“They've brought a lot of business to this part of the country, and they employ a lot of people,” he said. “Without the Maharishis, Fairfield would be a dying town.”

But Fairfield is anything but dying.

In fact, one visible aspect of Fairfield and Vedic City is the prosperity.

Oddly the town has attracted some highly educated people, some with Ivy League degrees, and entrepreneurs who have turned ideas into profitable businesses.

“These people have contributed enormously to the betterment of the community,” said Bob Phipps, executive vice president of the Fairfield Area Chamber of Commerce.

Wired magazine dubbed the area “Silicorn Valley” in a 1997 article. And last year the National Association of Small Communities named Fairfield the “Most Entrepreneurial City of Under 10,000” in the nation.

Fred Gratzon is a prime example. With no money or experience he created the Great Midwestern Ice Cream Co., and People and Playboy said it was the best ice cream in America in the 1980s. Later he led a telecommunications company that, at its zenith, generated $400 million in annual sales.

He and his wife live in a stunning, sun-drenched home that was designed with Maharishi Sthapatya Veda guidelines.

As he shows the meditation room, the library and the indoor swimming pool, he wonders why his wife wants to travel at all.

“It's all right here,” he muses.

Across town are the Fairfield mayor and his wife, Ed and Vicki Malloy. Both are from New York but came to the area because of a commitment to meditation.

Ed is a partner in the Danaher Oil Co., and Vicki is a gourmet cook who loves to entertain.

Visitors to their 7,000-square-foot home remove their shoes at the entrance, a common local practice, and quickly see the home's beautiful Brahmasthan, or center of silence, graced with a table and enormous flower arrangement.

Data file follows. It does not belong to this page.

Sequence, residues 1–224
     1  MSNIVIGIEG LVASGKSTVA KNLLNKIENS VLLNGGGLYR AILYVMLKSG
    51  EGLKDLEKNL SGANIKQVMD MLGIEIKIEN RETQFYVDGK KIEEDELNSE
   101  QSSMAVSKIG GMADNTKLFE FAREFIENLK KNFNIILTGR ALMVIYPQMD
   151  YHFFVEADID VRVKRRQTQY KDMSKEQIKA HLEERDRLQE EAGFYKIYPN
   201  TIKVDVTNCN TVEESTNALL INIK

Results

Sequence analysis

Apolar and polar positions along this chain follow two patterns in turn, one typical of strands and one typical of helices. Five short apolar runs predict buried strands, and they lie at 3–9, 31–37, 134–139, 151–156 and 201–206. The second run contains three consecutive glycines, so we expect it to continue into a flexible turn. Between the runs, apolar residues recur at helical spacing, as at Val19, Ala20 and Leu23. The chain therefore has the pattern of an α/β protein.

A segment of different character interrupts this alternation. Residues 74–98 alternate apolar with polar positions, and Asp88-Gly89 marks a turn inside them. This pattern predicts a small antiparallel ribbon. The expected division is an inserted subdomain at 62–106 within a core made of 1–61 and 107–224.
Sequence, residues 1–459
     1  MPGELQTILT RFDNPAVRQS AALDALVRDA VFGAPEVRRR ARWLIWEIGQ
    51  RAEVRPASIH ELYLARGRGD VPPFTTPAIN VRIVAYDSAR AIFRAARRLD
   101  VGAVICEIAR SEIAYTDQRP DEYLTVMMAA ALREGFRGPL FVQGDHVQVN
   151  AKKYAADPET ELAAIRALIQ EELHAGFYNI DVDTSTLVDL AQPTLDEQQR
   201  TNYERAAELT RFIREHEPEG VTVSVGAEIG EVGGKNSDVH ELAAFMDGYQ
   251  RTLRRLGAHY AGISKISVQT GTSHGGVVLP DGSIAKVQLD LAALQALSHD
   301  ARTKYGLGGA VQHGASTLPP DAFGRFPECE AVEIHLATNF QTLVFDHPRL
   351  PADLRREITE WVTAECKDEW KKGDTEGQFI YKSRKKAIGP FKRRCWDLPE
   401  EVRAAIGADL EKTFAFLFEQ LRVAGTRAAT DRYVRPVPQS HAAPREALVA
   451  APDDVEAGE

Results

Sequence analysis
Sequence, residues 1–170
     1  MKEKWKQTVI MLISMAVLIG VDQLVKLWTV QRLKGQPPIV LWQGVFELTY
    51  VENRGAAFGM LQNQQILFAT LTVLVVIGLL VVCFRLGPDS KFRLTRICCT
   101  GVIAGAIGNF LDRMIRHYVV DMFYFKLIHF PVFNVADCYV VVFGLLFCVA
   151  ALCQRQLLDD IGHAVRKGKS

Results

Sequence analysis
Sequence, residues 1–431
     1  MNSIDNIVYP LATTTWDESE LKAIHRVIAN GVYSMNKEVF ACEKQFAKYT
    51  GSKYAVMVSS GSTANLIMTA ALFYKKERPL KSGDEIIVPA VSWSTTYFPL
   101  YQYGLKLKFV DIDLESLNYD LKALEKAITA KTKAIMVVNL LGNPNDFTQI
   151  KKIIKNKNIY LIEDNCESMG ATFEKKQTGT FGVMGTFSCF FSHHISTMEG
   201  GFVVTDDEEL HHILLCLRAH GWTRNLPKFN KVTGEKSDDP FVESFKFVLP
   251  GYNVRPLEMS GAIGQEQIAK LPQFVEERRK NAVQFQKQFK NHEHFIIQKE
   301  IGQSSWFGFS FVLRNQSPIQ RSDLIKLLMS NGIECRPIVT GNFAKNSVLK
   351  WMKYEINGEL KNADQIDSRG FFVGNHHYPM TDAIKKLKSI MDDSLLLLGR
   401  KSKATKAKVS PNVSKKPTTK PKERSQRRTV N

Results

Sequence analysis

“It creates a quality of silence in the home,” Ed Malloy said. “It helps contribute to the orderliness of your thinking, the orderliness of your behavior and the orderliness of your life.”

As in many towns, where there are intelligent, thoughtful people, there is often art and culture.

Stacey Hurlin is the mother of five boys and an artist, and she found herself heading up what has become a local phenomenon: 1st Fridays Art Walk.

A first Friday in the summer might find 2,000 people out on the town square, strolling from one gallery to another, listening to musicians or viewing artwork in one of the many restaurants in town.

“It's the interaction of the people experiencing the art that makes it so unusual,” she said.

How it works

Now comes the mathematical part of this picture.

Fairfield has a population of just under 10,000 and about 3,000 are considered “meditators.”

Nearby Vedic City has a population of about 200 people, with about 50 homes on 1,300 acres, and many more are expected to come.

How many?

Well, the goal is that 8,000 people will ultimately meditate together. It's based on the Global Maharishi Effect, and it goes like this:

Where there are yogic flyers practicing together, “every hop becomes a cosmic smile,” Maharishi has written. Accordingly the intensely blissful experience sends peace into the world.

Maharishi asserts that if the square root of 1 percent of the world's population (about 8,000) gathers in one place to meditate, the world will experience less violence and crime and, ultimately, more world peace.

Ideally people should live and work in buildings that promote happiness and energy. Again there are strict mathematic principles to consider, which come from the ancient Vedic texts.

At Maharishi Global Construction in Fairfield, senior architect Jonathan Lipman advises others on how to design and build ideal homes and offices with Maharishi Sthapatya Veda principles.